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Phonemic representationðˤ~zˤ, dˤ
Position in alphabet27
Numerical value900
Alphabetic derivatives of the Phoenician
Writing systemArabic script
Language of originArabic language
Phonetic usageðˤ~,
  • ظ
This article contains phonetic transcriptions in the International Phonetic Alphabet (IPA). For an introductory guide on IPA symbols, see Help:IPA. For the distinction between [ ], / / and  , see IPA § Brackets and transcription delimiters.

Ẓāʾ, or ḏ̣āʾ (ظ), is one of the six letters the Arabic alphabet added to the twenty-two inherited from the Phoenician alphabet (the others being ṯāʾ, ḫāʾ, ḏāl, ḍād, ġayn). In name and shape, it is a variant of ṭāʾ. Its numerical value is 900 (see Abjad numerals).

Ẓāʾ ظَاءْ does not change its shape depending on its position in the word:

Position in word Isolated Final Medial Initial
Glyph form:
ظ ـظ ـظـ ظـ


The main pronunciations of written ظ in Arabic dialects.

In Classical Arabic, it represents a velarized voiced dental fricative [ðˠ], and in Modern Standard Arabic, it can also be a pharyngealized voiced dental [ðˤ] or alveolar [] fricative.

In most Arabic vernaculars ظ ẓādʾ and ض ḍād merged quite early.[1] The outcome depends on the dialect. In those varieties (such as Egyptian, Levantine and Hejazi), where the dental fricatives /θ/ and /ð/ are merged with the dental stops /t/ and /d/, ẓādʾ is pronounced /dˤ/ or /zˤ/ depending on the word; e.g. ظِل is pronounced /dˤilː/ but ظاهِر is pronounced /zˤaːhir/, In loanwords from Classical Arabic ẓādʾ is often /zˤ/, e.g. Egyptian ʿaẓīm (< Classical عظيم ʿaḏ̣īm) "great".[1][2][3]

In the varieties (such as Bedouin and Iraqi), where the dental fricatives are preserved, both ḍād and ẓādʾ are pronounced /ðˤ/.[1][2][4][5] However, there are dialects in South Arabia and in Mauritania where both the letters are kept different but not consistently.[1]

A "de-emphaticized" pronunciation of both letters in the form of the plain /z/ entered into other non-Arabic languages such as Persian, Urdu, Turkish.[1] However, there do exist Arabic borrowings into Ibero-Romance languages as well as Hausa and Malay, where ḍād and ẓādʾ are differentiated.[1]


Ẓādʾ is the rarest phoneme of the Arabic language. Out of 2,967 triliteral roots listed by Hans Wehr in his 1952 dictionary, only 42 (1.4%) contain ظ.[6]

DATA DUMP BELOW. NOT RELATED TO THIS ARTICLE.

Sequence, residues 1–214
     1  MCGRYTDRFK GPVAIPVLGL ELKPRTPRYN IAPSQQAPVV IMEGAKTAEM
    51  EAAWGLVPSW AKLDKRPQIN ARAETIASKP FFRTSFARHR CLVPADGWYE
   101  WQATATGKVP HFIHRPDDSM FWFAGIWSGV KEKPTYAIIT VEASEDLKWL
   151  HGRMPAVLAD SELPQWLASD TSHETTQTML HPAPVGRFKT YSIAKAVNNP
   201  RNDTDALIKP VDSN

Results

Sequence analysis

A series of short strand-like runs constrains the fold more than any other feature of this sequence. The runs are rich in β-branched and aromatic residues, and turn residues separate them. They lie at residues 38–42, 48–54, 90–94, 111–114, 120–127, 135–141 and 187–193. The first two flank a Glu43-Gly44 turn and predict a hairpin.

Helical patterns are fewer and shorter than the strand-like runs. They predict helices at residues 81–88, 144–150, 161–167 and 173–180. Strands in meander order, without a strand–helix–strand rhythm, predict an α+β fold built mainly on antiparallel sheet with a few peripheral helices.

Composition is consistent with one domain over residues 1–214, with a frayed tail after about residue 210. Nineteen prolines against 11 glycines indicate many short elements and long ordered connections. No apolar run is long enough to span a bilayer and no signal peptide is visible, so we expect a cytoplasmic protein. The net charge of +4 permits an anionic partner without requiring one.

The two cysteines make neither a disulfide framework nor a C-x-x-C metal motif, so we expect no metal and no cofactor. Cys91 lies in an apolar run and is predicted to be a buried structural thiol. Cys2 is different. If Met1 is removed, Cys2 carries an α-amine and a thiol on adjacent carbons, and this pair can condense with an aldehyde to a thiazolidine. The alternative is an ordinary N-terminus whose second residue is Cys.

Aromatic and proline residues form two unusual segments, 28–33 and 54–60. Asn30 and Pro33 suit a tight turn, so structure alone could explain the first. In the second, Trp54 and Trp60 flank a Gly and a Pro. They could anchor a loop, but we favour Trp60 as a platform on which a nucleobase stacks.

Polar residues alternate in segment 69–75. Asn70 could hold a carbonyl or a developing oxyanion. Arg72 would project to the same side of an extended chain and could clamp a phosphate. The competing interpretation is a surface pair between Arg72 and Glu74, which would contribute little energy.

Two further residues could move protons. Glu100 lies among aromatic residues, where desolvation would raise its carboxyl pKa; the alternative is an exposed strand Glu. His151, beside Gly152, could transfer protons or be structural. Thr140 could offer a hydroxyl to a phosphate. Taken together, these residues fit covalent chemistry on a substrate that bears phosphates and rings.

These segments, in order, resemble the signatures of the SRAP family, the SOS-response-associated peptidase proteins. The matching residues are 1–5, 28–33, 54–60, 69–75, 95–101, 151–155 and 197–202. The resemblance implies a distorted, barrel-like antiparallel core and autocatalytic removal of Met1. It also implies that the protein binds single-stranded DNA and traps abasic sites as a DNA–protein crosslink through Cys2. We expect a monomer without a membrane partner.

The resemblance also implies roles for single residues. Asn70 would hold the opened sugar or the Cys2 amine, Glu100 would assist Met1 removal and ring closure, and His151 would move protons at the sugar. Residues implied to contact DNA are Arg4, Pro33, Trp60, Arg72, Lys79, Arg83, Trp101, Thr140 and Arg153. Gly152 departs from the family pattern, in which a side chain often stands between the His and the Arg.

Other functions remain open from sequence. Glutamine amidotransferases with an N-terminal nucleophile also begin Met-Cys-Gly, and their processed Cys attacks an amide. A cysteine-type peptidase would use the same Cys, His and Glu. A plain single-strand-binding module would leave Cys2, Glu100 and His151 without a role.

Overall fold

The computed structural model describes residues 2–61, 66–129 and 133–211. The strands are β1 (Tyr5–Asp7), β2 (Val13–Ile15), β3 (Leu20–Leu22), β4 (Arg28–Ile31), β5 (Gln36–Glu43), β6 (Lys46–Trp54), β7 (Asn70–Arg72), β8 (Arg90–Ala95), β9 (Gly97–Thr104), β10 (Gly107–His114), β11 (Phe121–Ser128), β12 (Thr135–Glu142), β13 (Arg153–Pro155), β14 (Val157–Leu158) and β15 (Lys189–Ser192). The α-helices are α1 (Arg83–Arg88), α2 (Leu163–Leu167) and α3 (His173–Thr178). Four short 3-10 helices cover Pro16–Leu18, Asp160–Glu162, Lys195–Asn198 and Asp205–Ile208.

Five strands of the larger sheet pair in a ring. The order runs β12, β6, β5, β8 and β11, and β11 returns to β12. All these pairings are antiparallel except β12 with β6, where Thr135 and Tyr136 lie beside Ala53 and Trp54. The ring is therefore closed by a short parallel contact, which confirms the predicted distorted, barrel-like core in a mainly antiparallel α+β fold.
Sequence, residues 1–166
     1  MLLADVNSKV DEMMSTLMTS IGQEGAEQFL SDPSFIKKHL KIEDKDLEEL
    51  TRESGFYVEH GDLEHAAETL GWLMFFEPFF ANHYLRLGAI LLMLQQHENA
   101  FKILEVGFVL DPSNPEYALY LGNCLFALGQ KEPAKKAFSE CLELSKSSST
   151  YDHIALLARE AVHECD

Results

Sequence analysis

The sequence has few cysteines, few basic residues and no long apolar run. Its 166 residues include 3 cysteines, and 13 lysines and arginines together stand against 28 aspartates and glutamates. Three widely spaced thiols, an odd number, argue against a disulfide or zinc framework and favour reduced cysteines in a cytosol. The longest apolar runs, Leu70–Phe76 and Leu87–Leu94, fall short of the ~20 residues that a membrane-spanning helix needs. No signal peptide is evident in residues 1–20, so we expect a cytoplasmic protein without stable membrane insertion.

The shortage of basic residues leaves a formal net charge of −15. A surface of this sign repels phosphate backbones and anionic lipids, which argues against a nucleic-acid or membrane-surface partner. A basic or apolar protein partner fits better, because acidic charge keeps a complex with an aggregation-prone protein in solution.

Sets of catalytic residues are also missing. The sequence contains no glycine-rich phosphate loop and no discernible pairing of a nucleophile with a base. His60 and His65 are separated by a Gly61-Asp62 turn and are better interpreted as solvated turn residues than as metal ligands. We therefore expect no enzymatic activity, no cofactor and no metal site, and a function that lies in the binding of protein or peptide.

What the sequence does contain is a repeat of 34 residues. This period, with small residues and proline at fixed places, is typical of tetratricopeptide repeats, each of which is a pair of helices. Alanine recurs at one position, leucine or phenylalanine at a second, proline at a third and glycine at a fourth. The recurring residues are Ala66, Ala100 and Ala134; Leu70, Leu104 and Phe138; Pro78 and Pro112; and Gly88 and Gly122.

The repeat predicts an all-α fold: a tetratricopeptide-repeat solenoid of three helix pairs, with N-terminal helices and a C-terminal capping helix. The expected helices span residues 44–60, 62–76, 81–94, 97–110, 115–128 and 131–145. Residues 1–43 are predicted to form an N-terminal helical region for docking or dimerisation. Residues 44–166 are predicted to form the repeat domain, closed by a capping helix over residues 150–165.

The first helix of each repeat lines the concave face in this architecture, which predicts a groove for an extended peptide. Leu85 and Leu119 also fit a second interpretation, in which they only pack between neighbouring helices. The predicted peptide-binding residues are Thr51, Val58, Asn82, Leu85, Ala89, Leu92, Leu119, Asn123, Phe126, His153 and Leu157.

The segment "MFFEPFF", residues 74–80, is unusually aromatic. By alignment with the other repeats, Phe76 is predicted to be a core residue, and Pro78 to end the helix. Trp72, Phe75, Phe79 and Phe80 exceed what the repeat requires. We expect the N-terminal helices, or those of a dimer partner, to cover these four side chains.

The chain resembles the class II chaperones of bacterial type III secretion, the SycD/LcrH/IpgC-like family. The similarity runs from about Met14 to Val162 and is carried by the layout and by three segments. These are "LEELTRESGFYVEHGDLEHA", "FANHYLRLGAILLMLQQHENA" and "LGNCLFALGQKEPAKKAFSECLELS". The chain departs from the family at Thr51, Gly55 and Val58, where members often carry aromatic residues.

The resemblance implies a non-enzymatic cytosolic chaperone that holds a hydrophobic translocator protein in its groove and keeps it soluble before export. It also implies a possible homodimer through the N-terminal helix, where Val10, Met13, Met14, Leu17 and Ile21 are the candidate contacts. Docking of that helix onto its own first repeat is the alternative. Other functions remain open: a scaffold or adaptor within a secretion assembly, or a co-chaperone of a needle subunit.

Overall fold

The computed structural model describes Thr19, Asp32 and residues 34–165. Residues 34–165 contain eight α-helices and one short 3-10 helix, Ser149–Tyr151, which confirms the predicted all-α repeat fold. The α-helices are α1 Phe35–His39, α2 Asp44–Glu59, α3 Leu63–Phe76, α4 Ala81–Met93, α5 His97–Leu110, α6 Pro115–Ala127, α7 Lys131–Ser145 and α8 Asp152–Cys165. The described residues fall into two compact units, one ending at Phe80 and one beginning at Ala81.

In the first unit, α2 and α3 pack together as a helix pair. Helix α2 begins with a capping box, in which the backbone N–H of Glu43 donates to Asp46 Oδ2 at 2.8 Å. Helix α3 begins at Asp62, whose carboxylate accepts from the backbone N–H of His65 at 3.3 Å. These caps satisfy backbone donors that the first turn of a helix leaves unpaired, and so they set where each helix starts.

In other Semitic languages[edit]

In some reconstructions of Proto-Semitic phonology, there is an emphatic interdental fricative, ([θˤ] or [ðˤ]), featuring as the direct ancestor of Arabic ẓādʾ, while it merged with in most other Semitic languages, although the South Arabian alphabet retained a symbol for .

In relation with Hebrew[edit]

Often, words that have ظ ẓāʾ, ص ṣād, and ض ḍād in Arabic have cognates with צ tsadi in Hebrew.

  • ظ ẓāʾ: the word for "thirst" in Classical Arabic is ظمأ ẓamaʾ and צמא tsama in Hebrew.
  • ص ṣād: the word for "Egypt" in Classical Arabic is مصر miṣr and מצרים mitsrayim in Hebrew.
  • ض ḍād: the word for "egg" in Classical Arabic is بيضة bayḍah and ביצה betsah in Hebrew.

When representing this sound in transliteration of Arabic into Hebrew, it is written as ט׳ tet and a geresh or with a normal ז zayin.

Character encodings[edit]

Character information
Preview ظ
Encodings decimal hex
Unicode 1592 U+0638
UTF-8 216 184 D8 B8
Numeric character reference &#1592; &#x638;

See also[edit]


  1. ^ a b c d e f Versteegh, Kees (1999). "Loanwords from Arabic and the merger of ḍ/ḏ̣". In Arazi, Albert; Sadan, Joseph; Wasserstein, David J. (eds.). Compilation and Creation in Adab and Luġa: Studies in Memory of Naphtali Kinberg (1948–1997). pp. 273–286. ISBN 9781575060453.
  2. ^ a b Versteegh, Kees (2000). "Treatise on the pronunciation of the ḍād". In Kinberg, Leah; Versteegh, Kees (eds.). Studies in the Linguistic Structure of Classical Arabic. Brill. pp. 197–199. ISBN 9004117652.
  3. ^ Retsö, Jan (2012). "Classical Arabic". In Weninger, Stefan (ed.). The Semitic Languages: An International Handbook. Walter de Gruyter. pp. 785–786. ISBN 978-3-11-025158-6.
  4. ^ Ferguson, Charles (1959). "The Arabic koine". Language. 35 (4): 630. doi:10.2307/410601. JSTOR 410601.
  5. ^ Ferguson, Charles Albert (1997) [1959]. "The Arabic koine". In Belnap, R. Kirk; Haeri, Niloofar (eds.). Structuralist studies in Arabic linguistics: Charles A. Ferguson's papers, 1954–1994. Brill. pp. 67–68. ISBN 9004105115.
  6. ^ Wehr, Hans (1952). Arabisches Wörterbuch für die Schriftsprache der Gegenwart.[page needed]